There’s one big reason that Postgres can’t kill Oracle, and it’s not the technology

Postgres is popular but can’t unseat Oracle due to its business practices. Here’s how Oracle wins with its contracts and database stickiness.

A few years back EnterpriseDB, built on Postgres, offered enterprises something they shouldn’t have been able to refuse: All the Oracle database goodness without any of the Oracle. Enterprises were intrigued, but the efforts foundered. The problem? Contracts. As Keith Alsheimer, chief marketing officer for EnterpriseDB, explained:

Some of the practices that Oracle has of locking customers in contractually is a real challenge. Even if they want to move over [to another database system], they still have this number of licenses they bought, and they have to pay support for them [even if those licenses remain unused]. It’s very hard to get out of that.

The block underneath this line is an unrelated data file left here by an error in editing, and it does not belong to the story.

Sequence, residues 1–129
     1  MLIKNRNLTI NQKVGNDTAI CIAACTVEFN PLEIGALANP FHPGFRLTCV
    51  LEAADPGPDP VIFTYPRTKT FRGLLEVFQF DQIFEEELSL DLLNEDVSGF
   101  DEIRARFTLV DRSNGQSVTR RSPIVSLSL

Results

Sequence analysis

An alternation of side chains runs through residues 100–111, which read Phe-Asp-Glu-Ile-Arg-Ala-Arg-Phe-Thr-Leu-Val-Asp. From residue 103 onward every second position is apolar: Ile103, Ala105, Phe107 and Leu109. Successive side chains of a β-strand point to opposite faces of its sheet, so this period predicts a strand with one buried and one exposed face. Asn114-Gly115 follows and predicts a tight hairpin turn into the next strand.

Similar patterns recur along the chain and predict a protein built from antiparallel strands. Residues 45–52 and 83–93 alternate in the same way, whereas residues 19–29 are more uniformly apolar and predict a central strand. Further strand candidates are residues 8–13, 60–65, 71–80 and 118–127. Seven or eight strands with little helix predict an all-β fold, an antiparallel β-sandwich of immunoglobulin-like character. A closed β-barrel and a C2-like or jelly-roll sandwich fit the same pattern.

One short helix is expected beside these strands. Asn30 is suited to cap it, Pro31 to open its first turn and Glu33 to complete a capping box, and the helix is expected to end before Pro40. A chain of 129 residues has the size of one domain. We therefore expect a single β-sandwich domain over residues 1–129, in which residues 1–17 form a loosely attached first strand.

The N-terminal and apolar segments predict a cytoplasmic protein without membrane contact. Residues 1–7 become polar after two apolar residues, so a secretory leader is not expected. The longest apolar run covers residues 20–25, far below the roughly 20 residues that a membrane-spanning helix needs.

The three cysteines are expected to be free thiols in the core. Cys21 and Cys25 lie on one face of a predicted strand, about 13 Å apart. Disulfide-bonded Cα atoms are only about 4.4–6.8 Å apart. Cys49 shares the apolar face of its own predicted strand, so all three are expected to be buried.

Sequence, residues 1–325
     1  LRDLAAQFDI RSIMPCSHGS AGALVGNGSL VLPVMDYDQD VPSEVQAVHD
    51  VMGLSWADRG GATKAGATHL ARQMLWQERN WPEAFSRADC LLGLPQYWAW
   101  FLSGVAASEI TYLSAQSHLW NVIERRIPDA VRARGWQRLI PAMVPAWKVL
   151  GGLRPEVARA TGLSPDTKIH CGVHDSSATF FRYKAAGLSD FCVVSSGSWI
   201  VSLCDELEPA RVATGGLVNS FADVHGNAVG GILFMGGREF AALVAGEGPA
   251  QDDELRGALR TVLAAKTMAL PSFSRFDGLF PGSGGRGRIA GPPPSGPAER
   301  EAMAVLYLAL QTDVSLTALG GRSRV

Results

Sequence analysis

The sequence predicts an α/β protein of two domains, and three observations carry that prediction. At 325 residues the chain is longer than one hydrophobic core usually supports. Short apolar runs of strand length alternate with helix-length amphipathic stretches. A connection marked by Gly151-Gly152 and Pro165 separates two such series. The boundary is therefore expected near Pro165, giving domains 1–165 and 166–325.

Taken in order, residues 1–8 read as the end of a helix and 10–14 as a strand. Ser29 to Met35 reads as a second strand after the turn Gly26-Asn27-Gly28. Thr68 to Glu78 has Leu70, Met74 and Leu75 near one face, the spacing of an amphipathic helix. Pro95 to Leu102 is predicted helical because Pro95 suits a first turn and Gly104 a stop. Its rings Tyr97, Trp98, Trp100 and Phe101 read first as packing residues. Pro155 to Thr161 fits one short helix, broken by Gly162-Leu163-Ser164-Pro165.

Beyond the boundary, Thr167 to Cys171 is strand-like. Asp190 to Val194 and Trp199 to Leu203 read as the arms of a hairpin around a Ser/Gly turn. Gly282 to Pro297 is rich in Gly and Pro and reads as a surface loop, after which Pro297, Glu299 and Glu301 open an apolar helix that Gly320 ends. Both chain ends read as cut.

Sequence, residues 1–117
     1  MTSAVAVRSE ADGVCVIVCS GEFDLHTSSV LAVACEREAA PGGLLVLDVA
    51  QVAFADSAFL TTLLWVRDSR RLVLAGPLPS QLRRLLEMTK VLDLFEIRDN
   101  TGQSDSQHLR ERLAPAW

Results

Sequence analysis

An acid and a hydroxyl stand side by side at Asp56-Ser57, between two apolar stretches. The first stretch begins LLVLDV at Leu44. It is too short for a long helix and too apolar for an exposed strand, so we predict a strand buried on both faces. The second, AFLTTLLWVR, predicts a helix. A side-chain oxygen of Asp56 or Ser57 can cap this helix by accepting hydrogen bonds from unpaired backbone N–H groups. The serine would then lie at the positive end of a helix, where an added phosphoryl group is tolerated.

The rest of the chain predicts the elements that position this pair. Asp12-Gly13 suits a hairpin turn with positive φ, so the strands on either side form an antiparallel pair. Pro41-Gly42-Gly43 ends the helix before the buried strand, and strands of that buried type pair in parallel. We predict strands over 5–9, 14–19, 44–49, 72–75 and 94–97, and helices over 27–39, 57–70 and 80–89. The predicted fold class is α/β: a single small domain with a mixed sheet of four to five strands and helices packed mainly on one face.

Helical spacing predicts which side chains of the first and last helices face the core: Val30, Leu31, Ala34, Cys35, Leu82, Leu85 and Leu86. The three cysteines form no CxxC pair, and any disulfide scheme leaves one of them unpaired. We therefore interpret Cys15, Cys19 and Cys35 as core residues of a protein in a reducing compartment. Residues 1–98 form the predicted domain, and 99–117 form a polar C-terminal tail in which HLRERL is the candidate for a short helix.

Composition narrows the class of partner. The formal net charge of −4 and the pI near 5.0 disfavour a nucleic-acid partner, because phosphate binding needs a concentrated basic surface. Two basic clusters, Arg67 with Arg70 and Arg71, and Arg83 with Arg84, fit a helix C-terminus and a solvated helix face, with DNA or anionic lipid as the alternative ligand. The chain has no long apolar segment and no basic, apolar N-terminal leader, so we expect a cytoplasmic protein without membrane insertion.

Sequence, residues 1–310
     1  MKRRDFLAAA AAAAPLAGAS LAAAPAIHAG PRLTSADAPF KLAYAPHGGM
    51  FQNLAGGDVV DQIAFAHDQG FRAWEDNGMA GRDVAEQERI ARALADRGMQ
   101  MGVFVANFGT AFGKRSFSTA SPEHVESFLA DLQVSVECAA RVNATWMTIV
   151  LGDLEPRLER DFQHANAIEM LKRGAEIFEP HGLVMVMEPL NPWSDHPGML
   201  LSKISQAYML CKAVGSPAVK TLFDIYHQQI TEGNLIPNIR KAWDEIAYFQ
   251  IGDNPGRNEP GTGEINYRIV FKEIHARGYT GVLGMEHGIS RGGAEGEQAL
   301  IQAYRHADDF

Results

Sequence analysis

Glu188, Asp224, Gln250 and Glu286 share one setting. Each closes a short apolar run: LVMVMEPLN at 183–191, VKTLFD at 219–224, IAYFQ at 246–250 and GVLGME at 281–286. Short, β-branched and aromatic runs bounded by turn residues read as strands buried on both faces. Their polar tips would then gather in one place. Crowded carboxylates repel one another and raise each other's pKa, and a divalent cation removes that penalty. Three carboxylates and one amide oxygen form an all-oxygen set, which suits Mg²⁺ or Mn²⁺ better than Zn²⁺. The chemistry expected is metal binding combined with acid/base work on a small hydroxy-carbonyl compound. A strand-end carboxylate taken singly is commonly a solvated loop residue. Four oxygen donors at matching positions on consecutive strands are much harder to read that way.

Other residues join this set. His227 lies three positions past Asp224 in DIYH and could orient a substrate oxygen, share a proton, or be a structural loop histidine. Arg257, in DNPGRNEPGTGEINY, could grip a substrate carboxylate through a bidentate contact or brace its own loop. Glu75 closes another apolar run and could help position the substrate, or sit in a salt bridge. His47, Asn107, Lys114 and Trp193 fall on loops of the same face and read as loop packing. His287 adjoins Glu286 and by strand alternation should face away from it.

It’s not merely a matter of contracts, but also how Oracle sells. Over the years, Oracle has acquired a bevy of applications (ERP, CRM, SCM, etc.) and tends not to certify that those applications will work with any other database. They probably would work fine, but not many CIOs would take that risk, especially given that doing so would violate their (wait for it!) contracts.

Marc Kasowitz, ‘Toughest of the Tough Guys,’ Stands Beside Trump

He is, for lack of a better comparison, the Donald Trump of lawyering.